China to ‘liquidate’ US Treasuries, not dollars

September 20, 2011 by · Leave a Comment
Filed under: Currency News 

We have two choices, we either need to make the hard choices ourselves or they will be made for us, that is for sure.   Do we want to do it on our terms or not?  This article is troubling is that this could signal a significant decrease in debt buying from our largest purchaser of U.S. Treasuries and obvious are largest trade partner unless you count Europe as a whole.

If this actually come to fruition then we will see disorderly auctions for our debt and in that event, the Federal Reserve will be forced to come in as the buyer of last resort to prop up our debt markets.  Personally, I think this would be healthy for the long-term.  We need some sort of wake-up call to let our government know that they can not continue to keep running deficits and we need to bite the bullet and cut entitlement programs and scale back the size of government.   I do not affiliate myself any particular political party, so please don’t read this and try and box me into some group.

What I am speaking about is just basic math.  For every dollar of debt we have to create beyond what we take in as taxes, either goes into some asset class and that raises prices or into inflation once the economy picks up speed.  We need to live within our means and encourage savings and investment on a major scale.  I have been working on a list of items that would greatly help fix America and get us back into a leadership role on the economic scene.   A major portion of this list addresses entitlements, basically it sets cut-off for the younger generation so we can keep our obligations to our citizens who don’t have enough time to create an alternative plan.   Remember, when you try to help everyone, then you help no one because we will be broke trying.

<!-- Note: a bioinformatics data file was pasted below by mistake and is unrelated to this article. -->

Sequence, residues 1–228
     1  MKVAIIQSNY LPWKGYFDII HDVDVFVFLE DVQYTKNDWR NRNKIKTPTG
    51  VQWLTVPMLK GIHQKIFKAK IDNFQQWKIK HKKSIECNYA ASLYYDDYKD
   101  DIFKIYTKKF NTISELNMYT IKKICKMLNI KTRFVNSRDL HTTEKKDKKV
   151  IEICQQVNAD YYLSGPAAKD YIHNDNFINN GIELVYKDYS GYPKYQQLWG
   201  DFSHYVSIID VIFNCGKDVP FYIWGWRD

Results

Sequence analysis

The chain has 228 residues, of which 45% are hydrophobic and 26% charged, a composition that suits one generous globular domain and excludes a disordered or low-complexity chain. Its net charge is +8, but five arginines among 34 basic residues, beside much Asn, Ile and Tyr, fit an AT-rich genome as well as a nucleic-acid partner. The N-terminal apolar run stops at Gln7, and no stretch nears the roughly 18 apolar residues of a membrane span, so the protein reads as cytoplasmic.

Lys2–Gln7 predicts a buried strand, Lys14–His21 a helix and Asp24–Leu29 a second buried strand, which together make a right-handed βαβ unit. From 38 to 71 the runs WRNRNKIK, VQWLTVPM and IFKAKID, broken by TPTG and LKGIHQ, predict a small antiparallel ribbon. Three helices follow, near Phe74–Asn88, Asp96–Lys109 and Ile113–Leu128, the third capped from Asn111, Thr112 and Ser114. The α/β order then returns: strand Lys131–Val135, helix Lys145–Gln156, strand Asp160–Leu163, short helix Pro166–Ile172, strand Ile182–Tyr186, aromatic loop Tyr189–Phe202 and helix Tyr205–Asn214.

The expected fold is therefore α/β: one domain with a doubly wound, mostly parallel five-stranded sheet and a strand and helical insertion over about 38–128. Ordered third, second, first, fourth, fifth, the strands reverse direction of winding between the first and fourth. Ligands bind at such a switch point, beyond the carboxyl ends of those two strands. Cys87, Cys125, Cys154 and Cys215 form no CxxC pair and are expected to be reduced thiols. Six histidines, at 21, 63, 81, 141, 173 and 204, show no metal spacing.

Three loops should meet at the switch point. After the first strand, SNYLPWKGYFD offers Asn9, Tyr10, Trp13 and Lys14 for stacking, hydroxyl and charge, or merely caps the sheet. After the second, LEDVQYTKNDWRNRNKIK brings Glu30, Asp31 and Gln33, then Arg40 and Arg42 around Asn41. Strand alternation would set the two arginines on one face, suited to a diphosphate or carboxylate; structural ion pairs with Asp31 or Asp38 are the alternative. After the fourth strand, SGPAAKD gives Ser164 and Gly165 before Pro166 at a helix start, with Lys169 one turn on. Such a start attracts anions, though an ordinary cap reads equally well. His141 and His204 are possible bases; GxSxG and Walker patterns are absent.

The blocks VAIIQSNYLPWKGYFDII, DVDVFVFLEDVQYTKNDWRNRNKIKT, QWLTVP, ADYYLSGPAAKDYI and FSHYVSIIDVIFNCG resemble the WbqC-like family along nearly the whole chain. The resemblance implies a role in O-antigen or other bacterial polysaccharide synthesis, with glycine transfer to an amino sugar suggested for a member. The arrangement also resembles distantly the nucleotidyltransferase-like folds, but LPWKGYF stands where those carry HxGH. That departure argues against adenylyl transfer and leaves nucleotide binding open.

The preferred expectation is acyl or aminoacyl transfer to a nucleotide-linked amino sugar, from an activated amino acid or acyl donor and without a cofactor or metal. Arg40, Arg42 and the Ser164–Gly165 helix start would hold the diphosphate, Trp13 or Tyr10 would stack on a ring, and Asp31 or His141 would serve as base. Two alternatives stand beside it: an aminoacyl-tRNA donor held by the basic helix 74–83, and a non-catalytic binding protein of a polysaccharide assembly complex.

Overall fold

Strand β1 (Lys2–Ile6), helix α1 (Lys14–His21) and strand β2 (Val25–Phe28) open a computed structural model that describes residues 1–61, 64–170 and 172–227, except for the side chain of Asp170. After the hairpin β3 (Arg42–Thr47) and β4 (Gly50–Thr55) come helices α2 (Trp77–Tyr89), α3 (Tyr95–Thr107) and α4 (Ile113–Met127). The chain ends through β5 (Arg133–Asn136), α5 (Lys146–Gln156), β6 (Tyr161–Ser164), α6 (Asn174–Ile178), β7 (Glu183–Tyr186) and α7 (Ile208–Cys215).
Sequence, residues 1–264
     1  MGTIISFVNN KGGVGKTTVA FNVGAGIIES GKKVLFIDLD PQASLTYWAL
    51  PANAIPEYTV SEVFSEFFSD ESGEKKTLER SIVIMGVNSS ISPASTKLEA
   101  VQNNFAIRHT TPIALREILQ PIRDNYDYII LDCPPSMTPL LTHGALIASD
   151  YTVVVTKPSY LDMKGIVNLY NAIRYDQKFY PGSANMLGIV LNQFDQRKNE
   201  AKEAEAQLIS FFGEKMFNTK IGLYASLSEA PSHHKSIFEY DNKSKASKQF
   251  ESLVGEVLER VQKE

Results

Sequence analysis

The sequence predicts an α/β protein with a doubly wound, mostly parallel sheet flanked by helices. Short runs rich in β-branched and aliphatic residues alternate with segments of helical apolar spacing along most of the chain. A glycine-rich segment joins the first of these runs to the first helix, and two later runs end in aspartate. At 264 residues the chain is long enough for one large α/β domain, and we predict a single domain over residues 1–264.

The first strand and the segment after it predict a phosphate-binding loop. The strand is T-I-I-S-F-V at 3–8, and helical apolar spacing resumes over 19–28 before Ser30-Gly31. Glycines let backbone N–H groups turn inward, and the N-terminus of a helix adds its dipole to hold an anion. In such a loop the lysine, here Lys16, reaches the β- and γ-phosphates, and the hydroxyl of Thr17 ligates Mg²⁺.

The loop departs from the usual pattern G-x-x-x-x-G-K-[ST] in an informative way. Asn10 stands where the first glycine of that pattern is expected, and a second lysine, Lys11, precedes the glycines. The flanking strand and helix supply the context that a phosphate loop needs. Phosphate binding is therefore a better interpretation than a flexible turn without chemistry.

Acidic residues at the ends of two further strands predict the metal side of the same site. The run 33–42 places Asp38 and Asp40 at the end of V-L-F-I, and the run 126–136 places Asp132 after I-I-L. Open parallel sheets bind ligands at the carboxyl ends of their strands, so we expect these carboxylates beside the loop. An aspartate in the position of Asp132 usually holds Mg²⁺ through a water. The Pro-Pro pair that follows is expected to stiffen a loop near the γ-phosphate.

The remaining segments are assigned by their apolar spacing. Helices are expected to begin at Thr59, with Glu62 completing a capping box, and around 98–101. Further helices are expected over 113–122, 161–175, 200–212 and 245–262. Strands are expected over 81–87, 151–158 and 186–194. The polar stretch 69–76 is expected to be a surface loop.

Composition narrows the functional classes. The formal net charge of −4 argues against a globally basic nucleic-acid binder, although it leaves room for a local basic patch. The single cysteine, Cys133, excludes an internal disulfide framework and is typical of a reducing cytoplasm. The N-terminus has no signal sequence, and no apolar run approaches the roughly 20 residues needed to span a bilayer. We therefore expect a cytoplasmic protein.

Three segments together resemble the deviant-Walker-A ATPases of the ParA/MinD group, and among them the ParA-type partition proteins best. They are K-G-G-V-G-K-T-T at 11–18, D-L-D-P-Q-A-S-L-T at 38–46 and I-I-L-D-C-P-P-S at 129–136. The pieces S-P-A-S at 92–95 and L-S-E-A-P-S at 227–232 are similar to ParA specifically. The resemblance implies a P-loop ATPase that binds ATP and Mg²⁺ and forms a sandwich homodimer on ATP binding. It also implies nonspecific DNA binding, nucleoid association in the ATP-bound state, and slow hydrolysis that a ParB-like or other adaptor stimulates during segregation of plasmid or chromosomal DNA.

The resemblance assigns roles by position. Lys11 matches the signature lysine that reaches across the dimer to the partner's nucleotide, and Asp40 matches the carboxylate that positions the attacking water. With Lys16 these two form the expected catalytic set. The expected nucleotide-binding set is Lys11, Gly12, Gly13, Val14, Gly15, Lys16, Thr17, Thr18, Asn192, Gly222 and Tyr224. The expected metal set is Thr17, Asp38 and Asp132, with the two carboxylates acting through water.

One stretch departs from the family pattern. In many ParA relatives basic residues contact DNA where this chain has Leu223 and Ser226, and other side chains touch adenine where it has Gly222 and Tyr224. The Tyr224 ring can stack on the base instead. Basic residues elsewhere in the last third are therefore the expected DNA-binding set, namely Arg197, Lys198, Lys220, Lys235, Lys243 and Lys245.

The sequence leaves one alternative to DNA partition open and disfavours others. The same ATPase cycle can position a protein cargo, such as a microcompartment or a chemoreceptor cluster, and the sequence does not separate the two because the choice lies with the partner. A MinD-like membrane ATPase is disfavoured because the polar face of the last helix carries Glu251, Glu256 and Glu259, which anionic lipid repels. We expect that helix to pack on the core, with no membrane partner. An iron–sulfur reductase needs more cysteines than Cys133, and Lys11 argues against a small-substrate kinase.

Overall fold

The Telegraph (Ambrose Evans-Pritchard) –  The debt markets have been warned.

A key rate setter-for China’s central bank let slip – or was it a slip? – that Beijing aims to run down its portfolio of US debt as soon as safely possible.

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China trade imbalance blamed for 2.4 million jobs lost

March 23, 2010 by · Leave a Comment
Filed under: Global News 

I have to agree that foreign free trade is in part to blame for this loss of jobs from 2001-2008.  It is not that free trade is bad but we incentivize the movement of jobs off-shore and we let the cheap finished goods back into the country unencumbered.   This is not totally bad, but if we are not providing retraining and more after-highschool training like vocational and college.  If we do not do this to create opportunity, then these under-skilled workers are going to have jobs available to them that will lower their standard of living and create less opportunity for their children.

This is the key point that we as a society do not seem to grasp.  We keep vilifying foreigners like China because its easy and doesn’t place blame on the home front but that is not the real culprit.   These countries are just taking advantage of the system we have opened up to them.  As long as we keep producing less and consuming goods without any thought of the actual cost, this cycle will continue until it gets so unbearable that we revolt.

Reuters – Unfair Chinese trade and currency practices caused the loss of as many as 2.4 million U.S. jobs between 2001 and 2008, according to a study released on Tuesday.

The report by the left-leaning Economic Policy Institute said China’s “currency manipulation” was a major cause of the United States’ trade deficit with China, though it said other Chinese practices contributed to the deficit.